WASHINGTON — A Pennsylvania court on Saturday accepted the Green Party's request to end its case seeking a statewide recount of the presidential race. Then, late Saturday night, Green Party presidential candidate Jill Stein tweeted out that her campaign would continue to seek a statewide recount — but would be going to federal court to do so.
"Make no mistake – the Stein campaign will continue to fight for a statewide recount in Pennsylvania," Jonathan Abady, Stein's lead recount lawyer, said in a statement.
"[O]n Monday the Stein campaign will escalate our campaign in Pennsylvania and file for emergency relief in federal court, demanding a statewide recount on constitutional grounds," he continued.
Most — including Hillary Clinton's campaign — expect Green Party presidential candidate Jill Stein's recount efforts in Michigan, Pennsylvania, and Wisconsin not to change the result — a Donald Trump win — in any of those states. The reality, however, is that the ultimate election result — again, a Trump win — would not change unless the recounts shift all of those states to Clinton.
If the Pennsylvania efforts don't move forward, even a flip in the Michigan and Wisconsin results would still leave Trump at 280 electoral votes — 10 above the 270 necessary to become the next president.
Lawyers for the Green Party told the Associated Press on Saturday afternoon that they would not be able to meet the Monday deadline for a $1 million bond that the Pennsylvania court had ordered in the case. Additionally, on Dec. 2, the court had issued an order suggesting skepticism as to whether the Green Party's complaint seeking a statewide recount would succeed. That order came in the wake of the Trump campaign's motion to dismiss the complaint.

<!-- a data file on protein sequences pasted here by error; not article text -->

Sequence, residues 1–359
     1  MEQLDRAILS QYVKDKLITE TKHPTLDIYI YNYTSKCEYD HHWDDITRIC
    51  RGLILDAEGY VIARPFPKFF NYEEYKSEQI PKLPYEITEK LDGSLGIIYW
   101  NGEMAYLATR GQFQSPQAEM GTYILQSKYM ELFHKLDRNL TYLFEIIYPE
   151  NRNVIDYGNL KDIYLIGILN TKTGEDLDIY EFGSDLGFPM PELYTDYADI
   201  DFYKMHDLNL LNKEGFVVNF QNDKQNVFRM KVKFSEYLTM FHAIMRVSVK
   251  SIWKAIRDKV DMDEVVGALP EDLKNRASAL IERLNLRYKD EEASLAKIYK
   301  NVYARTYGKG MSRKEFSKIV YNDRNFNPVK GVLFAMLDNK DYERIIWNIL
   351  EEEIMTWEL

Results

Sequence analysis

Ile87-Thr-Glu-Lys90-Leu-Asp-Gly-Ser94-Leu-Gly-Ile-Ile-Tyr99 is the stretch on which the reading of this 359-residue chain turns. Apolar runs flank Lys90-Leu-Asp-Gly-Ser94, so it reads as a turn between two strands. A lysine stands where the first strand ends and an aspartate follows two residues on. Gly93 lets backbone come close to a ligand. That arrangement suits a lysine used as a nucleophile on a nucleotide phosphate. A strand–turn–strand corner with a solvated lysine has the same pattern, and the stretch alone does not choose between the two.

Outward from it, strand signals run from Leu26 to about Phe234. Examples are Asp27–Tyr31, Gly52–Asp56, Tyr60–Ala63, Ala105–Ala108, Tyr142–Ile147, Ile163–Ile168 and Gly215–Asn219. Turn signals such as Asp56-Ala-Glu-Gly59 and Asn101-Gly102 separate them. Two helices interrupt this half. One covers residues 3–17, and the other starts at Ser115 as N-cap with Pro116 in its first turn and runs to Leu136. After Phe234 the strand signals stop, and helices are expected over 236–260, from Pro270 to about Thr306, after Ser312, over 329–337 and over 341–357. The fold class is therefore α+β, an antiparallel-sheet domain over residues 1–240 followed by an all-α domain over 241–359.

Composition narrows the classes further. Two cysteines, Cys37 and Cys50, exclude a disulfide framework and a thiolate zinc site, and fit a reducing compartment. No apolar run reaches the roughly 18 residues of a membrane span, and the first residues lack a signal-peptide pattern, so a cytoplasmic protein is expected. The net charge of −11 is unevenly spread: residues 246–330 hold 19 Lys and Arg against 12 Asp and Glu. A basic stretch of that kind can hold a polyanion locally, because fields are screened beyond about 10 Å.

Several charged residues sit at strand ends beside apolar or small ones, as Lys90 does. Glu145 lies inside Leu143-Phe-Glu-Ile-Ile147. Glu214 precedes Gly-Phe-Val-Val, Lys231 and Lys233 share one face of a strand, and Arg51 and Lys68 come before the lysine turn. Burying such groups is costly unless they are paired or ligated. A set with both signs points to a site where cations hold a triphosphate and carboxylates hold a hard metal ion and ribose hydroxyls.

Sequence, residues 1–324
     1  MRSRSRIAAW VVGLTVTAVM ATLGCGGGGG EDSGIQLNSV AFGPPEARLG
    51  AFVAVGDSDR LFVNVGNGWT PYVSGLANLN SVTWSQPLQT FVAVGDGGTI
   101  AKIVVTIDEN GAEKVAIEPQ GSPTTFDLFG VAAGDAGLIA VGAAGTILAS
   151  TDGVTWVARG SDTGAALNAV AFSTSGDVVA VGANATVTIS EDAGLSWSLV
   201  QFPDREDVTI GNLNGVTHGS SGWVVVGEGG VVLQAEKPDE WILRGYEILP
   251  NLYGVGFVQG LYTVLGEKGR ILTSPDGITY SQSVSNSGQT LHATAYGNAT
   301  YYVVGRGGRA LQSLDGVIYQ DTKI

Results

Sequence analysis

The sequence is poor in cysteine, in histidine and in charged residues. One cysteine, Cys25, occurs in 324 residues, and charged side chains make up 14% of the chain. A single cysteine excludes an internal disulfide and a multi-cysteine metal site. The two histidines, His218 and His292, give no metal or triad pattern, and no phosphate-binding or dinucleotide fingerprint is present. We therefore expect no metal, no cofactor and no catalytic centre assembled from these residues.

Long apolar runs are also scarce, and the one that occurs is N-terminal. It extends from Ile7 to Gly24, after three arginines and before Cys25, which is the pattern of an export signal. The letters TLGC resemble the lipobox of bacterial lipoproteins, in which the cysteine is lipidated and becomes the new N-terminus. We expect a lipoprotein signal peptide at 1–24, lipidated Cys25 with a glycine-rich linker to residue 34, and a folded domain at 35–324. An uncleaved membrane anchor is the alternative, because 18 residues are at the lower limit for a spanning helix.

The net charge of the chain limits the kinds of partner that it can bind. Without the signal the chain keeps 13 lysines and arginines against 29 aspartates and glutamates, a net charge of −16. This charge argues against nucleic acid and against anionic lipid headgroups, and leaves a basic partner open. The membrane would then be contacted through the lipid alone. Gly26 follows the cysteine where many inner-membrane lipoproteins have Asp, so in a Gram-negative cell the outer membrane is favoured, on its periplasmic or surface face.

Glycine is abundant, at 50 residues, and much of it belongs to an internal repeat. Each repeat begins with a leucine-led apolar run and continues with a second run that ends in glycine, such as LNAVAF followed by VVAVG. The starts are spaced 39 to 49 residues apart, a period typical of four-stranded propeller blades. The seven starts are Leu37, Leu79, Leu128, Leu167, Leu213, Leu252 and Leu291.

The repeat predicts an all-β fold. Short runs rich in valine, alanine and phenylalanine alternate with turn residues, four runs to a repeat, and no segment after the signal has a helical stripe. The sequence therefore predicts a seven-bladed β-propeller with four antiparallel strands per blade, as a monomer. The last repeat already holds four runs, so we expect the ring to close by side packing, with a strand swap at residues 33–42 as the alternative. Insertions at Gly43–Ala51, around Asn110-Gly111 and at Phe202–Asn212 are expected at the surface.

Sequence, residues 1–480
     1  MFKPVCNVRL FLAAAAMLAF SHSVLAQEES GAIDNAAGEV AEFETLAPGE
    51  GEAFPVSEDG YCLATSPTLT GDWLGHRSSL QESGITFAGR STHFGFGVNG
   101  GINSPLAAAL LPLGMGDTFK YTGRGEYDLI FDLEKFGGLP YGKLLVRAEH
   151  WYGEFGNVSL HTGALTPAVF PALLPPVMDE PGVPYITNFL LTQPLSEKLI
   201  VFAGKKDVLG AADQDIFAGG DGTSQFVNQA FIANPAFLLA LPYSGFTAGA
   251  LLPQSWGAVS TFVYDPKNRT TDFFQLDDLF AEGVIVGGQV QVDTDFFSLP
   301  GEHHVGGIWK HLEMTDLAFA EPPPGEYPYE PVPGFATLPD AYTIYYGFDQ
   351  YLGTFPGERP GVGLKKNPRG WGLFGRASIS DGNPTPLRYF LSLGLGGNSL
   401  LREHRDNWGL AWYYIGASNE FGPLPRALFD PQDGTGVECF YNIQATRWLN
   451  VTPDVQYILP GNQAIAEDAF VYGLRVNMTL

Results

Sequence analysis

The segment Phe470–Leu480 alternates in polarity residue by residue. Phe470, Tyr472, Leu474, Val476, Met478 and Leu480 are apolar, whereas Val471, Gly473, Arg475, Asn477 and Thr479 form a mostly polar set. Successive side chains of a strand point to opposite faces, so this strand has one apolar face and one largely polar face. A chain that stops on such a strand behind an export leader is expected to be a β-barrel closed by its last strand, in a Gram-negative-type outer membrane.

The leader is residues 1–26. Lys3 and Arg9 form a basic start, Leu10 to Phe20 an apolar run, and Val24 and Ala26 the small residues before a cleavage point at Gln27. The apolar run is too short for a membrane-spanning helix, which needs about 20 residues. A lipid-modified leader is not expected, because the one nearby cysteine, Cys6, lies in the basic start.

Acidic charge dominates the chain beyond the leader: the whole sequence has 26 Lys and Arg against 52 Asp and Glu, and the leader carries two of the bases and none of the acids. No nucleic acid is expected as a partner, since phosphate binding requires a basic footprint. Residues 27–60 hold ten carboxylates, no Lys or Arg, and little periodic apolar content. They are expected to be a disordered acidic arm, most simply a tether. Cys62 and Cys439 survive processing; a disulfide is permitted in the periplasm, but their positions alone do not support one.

On Saturday afternoon, the Green Party filed a motion to withdraw their statewide recount request — which the court granted in an order later Saturday — although individual precinct-based recount requests will continue, in an attempt to force an automatic statewide recount, and a lawyer familiar with ongoing efforts noted that an appeal seeking a forensic audit of the Philadelphia voting machines remains pending.
Stein referenced the decision in two tweets on Saturday evening:
Earlier, Stein stated on her recount fundraising page that Wisconsin officials initially had estimated $1.1 million would be needed for the Wisconsin part of the recount — but officials later required $3.5 million. That change led her to increase the amount she was seeking in donations from $6.5 million to $9.5 million. As of Saturday evening, she had not yet hit $7 million in donations.
Then, a little before midnight, Stein announced the federal court plans.
Explaining the move to federal court further, Abady said in the statement, "We are committed to this fight to protect the civil and voting rights of all Americans. Over the past several days, it has become clear that the barriers to verifying the vote in Pennsylvania are so pervasive and that the state court system is so ill-equipped to address this problem that we must seek federal court intervention."
Later, Stein suggested the legal path her team plans to pursue in a tweet early Sunday morning.
This is a developing story. Please check back at BuzzFeed News for more information as it becomes available.
Read the Green Party's motion to withdraw their statewide recount request:
Read the court's order closing the statewide recount matter:
This report was revised and extended after Jill Stein's campaign announced plans late Saturday to go to federal court on Monday seeking a statewide recount in Pennsylvania.
Chris Geidner is a Supreme Court correspondent for BuzzFeed News and is based in Washington, DC.
Contact Chris Geidner at firstname.lastname@example.org.
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